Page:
from The American Heritage® Dictionary of the English Language, 4th Edition
- n. The branch of art history that deals with the description, analysis, and interpretation of icons or iconic representations.
from Wiktionary, Creative Commons Attribution/Share-Alike License
- n. The study of icons in art or art history.
from the GNU version of the Collaborative International Dictionary of English
- n. The discussion or description of portraiture or of representative images. Cf. iconography.
from The Century Dictionary and Cyclopedia
- n. The science or art of representation by effigies or pictures.
- n. A description of statues, pictures, engravings, etc.
from WordNet 3.0 Copyright 2006 by Princeton University. All rights reserved.
- n. the branch of art history that studies visual images and their symbolic meaning (especially in social or political terms)
Erwin Panofsky, with whose name iconology has been connected ever since, not only developed its theoretical foundations, but contributed by his practi - cal work in art history to the main triumph of iconol - ogy after the Second World War.
On the first floor, Strand's uncompromisingly austere photography from Spanish, North American and Mexican collections offers a hard-bitten "collective portrait" of small-town Mexican life told through photos of individuals, landscapes, studies of architecture and religious iconology.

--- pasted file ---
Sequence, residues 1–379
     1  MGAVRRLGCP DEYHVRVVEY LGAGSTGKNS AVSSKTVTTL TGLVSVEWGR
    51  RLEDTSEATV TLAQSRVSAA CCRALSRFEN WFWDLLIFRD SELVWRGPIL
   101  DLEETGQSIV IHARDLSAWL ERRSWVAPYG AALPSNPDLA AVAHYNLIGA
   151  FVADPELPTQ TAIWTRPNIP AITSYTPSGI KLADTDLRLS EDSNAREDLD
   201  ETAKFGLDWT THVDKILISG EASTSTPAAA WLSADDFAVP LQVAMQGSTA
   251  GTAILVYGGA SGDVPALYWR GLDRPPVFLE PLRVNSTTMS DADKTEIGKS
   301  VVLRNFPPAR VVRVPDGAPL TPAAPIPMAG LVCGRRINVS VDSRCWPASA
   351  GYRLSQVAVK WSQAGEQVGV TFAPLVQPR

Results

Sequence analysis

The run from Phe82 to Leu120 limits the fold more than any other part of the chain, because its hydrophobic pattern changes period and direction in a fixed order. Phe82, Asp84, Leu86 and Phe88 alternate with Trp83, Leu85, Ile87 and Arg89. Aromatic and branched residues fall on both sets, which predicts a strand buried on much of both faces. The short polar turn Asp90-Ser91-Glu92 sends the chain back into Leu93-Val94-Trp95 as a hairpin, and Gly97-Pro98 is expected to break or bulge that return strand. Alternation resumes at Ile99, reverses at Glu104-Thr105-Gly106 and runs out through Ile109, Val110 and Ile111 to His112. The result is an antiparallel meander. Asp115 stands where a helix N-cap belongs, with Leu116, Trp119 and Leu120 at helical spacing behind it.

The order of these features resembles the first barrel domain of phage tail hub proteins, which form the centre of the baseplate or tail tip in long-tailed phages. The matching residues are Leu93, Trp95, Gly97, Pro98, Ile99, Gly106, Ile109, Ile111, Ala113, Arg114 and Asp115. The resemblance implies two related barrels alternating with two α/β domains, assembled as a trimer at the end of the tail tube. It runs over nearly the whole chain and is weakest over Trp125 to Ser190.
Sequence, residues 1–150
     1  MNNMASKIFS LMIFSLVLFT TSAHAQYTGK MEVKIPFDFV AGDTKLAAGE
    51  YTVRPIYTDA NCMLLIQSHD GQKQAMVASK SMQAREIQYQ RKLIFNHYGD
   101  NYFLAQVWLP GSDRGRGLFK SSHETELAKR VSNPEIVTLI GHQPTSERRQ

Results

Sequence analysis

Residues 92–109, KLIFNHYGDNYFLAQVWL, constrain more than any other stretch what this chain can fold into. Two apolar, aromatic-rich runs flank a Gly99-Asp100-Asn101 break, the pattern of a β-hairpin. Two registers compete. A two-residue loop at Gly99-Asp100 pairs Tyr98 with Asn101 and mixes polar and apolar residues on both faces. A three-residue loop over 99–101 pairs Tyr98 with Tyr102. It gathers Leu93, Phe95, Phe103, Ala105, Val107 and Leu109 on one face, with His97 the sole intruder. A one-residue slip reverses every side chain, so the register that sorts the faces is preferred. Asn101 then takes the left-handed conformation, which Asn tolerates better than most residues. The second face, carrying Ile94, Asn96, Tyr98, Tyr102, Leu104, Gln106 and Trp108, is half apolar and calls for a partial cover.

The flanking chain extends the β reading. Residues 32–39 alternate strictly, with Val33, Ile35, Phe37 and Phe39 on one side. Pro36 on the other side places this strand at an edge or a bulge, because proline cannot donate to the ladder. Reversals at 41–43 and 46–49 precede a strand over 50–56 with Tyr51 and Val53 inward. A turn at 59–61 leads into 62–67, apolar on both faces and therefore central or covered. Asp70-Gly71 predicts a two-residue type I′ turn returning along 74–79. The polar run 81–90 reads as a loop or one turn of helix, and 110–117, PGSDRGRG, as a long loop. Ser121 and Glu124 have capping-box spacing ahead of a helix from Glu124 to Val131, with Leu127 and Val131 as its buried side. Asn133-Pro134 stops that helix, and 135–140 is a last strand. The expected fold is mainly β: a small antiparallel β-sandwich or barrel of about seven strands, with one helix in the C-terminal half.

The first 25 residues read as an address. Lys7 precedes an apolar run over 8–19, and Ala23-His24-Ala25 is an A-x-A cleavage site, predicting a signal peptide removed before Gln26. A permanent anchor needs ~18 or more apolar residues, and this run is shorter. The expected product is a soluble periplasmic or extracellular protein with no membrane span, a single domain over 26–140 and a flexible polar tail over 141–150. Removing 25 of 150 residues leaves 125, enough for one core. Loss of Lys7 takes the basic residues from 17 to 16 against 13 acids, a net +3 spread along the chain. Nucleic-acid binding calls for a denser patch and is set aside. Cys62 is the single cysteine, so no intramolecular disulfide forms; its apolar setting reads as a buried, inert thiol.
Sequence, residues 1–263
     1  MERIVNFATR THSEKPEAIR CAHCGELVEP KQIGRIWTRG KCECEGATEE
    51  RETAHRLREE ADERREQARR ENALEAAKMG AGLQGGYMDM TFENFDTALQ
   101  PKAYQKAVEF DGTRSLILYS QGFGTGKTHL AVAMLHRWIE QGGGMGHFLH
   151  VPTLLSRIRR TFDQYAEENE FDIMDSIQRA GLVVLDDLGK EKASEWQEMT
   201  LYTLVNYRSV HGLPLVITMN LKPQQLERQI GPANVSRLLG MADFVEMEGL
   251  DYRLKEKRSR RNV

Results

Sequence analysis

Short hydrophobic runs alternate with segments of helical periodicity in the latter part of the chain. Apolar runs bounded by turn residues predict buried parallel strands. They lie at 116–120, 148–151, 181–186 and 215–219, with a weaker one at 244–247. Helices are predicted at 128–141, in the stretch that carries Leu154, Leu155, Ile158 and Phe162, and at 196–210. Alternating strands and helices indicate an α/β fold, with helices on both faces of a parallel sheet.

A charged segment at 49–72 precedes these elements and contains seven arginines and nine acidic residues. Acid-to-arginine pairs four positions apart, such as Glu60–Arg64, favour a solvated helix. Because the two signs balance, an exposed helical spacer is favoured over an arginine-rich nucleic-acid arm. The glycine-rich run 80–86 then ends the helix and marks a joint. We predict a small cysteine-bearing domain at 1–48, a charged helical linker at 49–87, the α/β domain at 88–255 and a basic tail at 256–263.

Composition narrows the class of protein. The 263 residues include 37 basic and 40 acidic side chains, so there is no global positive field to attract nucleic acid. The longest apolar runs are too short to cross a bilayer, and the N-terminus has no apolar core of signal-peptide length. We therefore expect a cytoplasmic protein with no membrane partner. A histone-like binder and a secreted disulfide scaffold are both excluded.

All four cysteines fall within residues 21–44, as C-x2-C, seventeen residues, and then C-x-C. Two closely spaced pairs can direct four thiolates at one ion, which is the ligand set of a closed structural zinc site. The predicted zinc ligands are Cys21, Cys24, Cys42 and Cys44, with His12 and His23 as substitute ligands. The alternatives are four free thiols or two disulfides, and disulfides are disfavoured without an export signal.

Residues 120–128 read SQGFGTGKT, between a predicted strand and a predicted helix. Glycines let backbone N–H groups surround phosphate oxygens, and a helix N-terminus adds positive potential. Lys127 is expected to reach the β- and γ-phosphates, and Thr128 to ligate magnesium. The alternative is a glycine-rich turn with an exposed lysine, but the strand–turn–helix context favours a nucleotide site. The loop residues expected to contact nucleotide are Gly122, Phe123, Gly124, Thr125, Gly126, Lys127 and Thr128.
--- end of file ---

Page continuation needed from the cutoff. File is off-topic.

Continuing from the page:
Instead of religious iconology, Cartier-Bresson finds playful expression in the Surrealistic image of a pair of high-heeled shoes shaped like a heart.
For those of you that really dug Tom Hanks and his turn as Robert Langdon, the intrepid professor of religious iconology and symbology that continuously finds himself embroiled in one Religious Conspiracy after another, this should be a must-buy.
Because that is what church iconology tried to establish.
This quite recent contribution to the Drongo Brown iconology ...
Yet there is a long tradition of cultural iconology and, indeed, idolatry in our political system.
Using the cross iconology, together with a naked woman for a campaign aimed at a problem which a good part of right-wing males at least here in italy consider their right was simply too much.
I think Elizabeth Moon is going to replace Anne McCaffrey in my author iconology - besides the fact I've actually met and talked with Elizabeth and I doubt that I'll ever have that opportunity with "The Lady" herself.
This invocation of popular iconology grounds his satire not in an ideal realm from which the powerful are merely lampooned but rather within the actual and bloody struggle of the oppressed both to free their understandings and to appropriate for themselves their land, labor, and nation.